GOP: Racism Is Over. Most Americans: Nope.

A tweet from the Republican National Committee on Sunday suggests racism is no more. Most Americans think otherwise.

President Obama after unveiling a statue of Rosa Parks in Statuary Hall on Capitol Hill February 27, 2013 in Washington, DC. 
National Journal
Matt Berman
Add to Briefcase
Matt Berman
Dec. 1, 2013, 7:27 a.m.

Some things are best left un­tweeted. On Sunday morn­ing, the Re­pub­lic­an Na­tion­al Com­mit­tee’s @GOP ac­count tweeted this in com­mem­or­a­tion of the 58th an­niversary of Rosa Parks’s ar­rest after re­fus­ing to give up her bus seat to a white man: “Today we re­mem­ber Rosa Parks’ bold stand and her role in end­ing ra­cism.”

Of course, there’s noth­ing con­tro­ver­sial about cel­eb­rat­ing a wo­man today who played a big role in the Amer­ic­an civil-rights move­ment. What is both­er­ing some people today, though, is the sug­ges­tion that ra­cism has been, you know, ended.

It’s an idea that most Amer­ic­ans just don’t have.

A sur­vey from Pew Re­search this May shows that a ma­jor­ity of white and black Amer­ic­ans be­lieve there is a least some dis­crim­in­a­tion against Afric­an-Amer­ic­ans. Eighty-eight per­cent of black Amer­ic­ans saw dis­crim­in­a­tion against Afric­an-Amer­ic­ans, with 46 per­cent say­ing that there is “a lot” of it. The per­cent­age of white Amer­ic­ans who see dis­crim­in­a­tion against Afric­an-Amer­ic­ans is smal­ler but still a ma­jor­ity: 57 per­cent say there is dis­crim­in­a­tion against Afric­an-Amer­ic­ans, with 16 per­cent say­ing that there is a lot.

A 2008 Gal­lup Poll found that 56 per­cent of adults na­tion­ally be­lieve that there is “wide­spread” ra­cism against black Amer­ic­ans. That in­cludes 78 per­cent of black Amer­ic­ans who held that be­lief.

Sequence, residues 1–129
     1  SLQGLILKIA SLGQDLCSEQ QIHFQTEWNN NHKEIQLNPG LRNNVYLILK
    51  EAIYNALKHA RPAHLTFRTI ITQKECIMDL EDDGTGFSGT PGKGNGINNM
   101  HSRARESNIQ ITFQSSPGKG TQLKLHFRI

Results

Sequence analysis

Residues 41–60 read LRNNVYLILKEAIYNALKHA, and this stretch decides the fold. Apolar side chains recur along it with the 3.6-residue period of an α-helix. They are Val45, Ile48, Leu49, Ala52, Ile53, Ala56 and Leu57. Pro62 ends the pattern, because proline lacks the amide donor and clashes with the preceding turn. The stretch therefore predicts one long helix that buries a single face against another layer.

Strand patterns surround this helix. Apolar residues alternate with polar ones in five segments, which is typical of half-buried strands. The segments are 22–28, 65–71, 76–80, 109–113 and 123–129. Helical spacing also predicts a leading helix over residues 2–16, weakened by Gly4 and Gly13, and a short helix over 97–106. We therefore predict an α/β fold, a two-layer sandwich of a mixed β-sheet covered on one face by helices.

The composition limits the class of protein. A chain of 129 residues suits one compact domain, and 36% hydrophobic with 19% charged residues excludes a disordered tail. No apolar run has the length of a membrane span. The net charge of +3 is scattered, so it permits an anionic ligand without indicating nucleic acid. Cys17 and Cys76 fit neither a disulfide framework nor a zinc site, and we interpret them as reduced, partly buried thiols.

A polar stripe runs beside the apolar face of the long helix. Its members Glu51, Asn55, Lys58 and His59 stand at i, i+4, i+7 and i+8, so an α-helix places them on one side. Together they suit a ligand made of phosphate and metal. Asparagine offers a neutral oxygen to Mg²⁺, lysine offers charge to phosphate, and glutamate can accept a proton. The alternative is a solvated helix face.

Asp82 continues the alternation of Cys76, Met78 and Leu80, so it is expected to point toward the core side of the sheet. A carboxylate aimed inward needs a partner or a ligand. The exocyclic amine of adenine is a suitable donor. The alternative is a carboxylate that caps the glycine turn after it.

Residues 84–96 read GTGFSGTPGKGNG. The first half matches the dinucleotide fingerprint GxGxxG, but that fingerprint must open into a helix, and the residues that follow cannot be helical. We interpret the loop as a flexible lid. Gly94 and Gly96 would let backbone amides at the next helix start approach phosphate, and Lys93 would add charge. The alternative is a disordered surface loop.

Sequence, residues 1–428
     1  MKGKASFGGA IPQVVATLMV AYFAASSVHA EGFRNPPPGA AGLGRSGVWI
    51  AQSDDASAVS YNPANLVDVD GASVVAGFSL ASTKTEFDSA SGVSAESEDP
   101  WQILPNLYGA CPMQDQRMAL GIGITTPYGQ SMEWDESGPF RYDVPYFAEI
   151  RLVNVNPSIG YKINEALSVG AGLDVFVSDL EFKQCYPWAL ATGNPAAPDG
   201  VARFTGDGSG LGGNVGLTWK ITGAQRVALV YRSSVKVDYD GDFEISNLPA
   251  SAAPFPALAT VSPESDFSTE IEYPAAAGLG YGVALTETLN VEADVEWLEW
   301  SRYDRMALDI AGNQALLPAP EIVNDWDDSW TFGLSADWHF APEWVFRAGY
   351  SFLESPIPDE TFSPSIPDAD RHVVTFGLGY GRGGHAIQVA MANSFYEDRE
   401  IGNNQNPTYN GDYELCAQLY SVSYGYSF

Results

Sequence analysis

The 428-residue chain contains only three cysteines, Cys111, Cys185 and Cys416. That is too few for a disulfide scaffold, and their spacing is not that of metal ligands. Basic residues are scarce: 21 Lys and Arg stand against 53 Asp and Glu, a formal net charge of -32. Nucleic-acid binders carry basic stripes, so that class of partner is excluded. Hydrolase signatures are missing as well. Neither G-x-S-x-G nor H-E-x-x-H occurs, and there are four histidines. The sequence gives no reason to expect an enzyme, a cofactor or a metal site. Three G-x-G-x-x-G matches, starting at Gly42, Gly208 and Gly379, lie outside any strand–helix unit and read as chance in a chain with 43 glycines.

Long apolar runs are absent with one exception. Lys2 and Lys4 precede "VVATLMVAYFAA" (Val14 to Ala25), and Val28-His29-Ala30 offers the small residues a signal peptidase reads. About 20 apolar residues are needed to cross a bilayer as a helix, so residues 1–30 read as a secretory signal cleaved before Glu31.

And it’s not just that Amer­ic­ans hold a vague sense of dis­crim­in­a­tion. Nearly 70 per­cent of black Amer­ic­ans be­lieve that the U.S. justice sys­tem is biased against them, ac­cord­ing to re­cent Gal­lup polling. A quarter of white Amer­ic­ans, and a third of all adults na­tion­ally, agree.

So while it’s def­in­itely fair for any­one to give cred­it to Rosa Parks for her role in im­prov­ing the lives of black Amer­ic­ans, it is a bit of a stretch for the na­tion­al Re­pub­lic­an Party to sug­gest that she helped to “end” ra­cism in Amer­ica. Un­less they just know something that the ma­jor­ity of Amer­ic­ans do not.

Up­date: A Re­pub­lic­an Na­tion­al Com­mit­tee spokes­per­son emailed over a state­ment not­ing that the RNC meant to cel­eb­rate Parks’s role in “fight­ing to end ra­cism,” not just end­ing it. The @GOP ac­count has since tweeted out something to that ef­fect.

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